Pierpaolo Settembri (PS): The EU needs people prepared, like you are. As I entered the institutions it was a brand new world, everything had to start from scratch. On the contrary now, the EU has enlarged its power and its competences and therefore much more specialised people are demanded. Everybody will request a lot from you – not only in your office but also at the public opinion level!
If I got it right: the sooner I try the test, the better!
PS: The EU offers plenty of concrete advantages – like social securities and internal mobility – but on the other side I have to admit that it is quite a rigid career, in the sense that once in, it’s hard to move out and find another job in a completely different field. Therefore my answer to this question is a nuanced one: it’s a long process so once you’re sure of your choice, then start. But if you want to try something different before, then the right time to do it is before trying the test. It will take you a lot of time and energy, better not to waste them!
Polina Khomenko (PK): And we all absolutely recommend you to do an internship before! We had many interns which then had the opportunity to remain, or that on the other side understood that it was not their field. Moreover, the competences that you develop as an intern will be very close to what you will be asked for in the assessment centre in Brussels.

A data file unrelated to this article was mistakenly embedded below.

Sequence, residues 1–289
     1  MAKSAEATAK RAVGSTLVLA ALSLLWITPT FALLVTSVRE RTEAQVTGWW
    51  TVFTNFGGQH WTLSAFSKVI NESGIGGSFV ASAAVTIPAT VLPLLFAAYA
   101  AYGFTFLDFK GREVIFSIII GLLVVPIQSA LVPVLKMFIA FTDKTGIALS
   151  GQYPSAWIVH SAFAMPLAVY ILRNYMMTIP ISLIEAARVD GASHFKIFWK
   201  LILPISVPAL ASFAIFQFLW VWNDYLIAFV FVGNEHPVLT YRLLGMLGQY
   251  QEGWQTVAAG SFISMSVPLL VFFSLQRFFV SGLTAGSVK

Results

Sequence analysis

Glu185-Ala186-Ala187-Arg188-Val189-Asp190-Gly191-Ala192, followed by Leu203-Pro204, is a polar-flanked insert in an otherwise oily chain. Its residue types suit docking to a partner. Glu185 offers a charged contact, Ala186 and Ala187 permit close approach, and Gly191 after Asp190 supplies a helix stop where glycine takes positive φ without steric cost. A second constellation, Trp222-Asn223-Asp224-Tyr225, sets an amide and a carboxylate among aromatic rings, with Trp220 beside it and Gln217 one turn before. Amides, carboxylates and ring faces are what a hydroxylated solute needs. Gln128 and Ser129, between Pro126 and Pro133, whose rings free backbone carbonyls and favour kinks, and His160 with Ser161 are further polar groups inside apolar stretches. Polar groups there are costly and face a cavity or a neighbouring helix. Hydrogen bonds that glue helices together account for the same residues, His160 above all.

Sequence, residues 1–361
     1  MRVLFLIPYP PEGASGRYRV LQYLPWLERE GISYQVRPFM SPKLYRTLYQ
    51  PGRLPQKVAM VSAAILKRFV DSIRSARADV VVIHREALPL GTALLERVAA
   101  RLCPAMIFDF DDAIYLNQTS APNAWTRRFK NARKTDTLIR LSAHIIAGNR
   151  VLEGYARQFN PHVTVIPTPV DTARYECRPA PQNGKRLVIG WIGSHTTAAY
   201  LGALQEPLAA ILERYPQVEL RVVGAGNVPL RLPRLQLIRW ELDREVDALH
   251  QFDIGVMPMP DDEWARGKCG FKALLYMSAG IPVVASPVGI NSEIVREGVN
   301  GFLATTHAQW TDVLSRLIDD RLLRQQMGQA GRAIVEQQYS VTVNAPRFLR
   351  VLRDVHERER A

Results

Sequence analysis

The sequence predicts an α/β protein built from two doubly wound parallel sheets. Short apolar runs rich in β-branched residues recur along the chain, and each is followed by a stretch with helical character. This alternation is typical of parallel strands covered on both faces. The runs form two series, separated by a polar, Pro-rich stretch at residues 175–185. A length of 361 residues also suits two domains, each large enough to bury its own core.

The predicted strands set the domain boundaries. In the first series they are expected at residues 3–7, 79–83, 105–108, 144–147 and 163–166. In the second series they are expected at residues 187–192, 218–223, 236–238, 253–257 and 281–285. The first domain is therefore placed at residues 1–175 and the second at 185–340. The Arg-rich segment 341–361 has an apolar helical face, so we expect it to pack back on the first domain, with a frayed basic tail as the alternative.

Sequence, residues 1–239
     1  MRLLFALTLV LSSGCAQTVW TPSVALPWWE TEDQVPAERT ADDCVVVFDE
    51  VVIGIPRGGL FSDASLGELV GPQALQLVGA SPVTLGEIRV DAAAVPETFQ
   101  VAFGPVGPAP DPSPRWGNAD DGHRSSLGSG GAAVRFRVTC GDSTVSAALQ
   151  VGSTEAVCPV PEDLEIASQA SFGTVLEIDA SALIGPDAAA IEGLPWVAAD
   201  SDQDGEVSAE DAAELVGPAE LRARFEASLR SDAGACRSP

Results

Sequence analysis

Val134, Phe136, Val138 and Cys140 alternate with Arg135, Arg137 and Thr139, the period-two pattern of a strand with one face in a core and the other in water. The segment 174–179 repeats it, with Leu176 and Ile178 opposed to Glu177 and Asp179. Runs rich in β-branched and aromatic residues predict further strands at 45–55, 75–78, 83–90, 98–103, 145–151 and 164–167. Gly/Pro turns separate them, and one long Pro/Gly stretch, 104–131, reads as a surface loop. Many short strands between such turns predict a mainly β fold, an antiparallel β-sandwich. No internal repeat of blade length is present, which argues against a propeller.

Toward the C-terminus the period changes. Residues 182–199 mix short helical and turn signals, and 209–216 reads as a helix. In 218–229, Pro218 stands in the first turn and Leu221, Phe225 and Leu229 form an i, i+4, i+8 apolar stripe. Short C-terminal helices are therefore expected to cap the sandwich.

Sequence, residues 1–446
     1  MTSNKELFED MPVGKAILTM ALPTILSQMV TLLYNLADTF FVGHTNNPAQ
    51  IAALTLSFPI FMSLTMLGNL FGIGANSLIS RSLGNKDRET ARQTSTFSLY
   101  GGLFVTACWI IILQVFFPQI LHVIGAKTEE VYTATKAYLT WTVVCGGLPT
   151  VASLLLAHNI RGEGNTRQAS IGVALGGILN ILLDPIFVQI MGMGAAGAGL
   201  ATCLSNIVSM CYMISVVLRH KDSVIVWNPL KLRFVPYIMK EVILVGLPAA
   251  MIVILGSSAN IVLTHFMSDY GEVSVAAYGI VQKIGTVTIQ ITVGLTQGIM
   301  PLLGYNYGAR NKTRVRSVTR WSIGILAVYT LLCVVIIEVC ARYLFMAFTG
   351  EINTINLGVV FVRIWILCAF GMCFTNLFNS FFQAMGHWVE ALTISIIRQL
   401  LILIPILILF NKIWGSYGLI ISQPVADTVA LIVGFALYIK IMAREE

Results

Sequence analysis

In a nutshell: is it worth it to work for the EU institutions?
LB: As I said I did the test in 2007. It’s been 13 years that I am in the Commission, even in the same DG. Am I happy with it? More than happy: it gets better every day.
Interview conducted by Silvia Panini, student of the Master in European Affairs at the School of Public Affairs, representative of the Europe in the World policy stream in the AEAP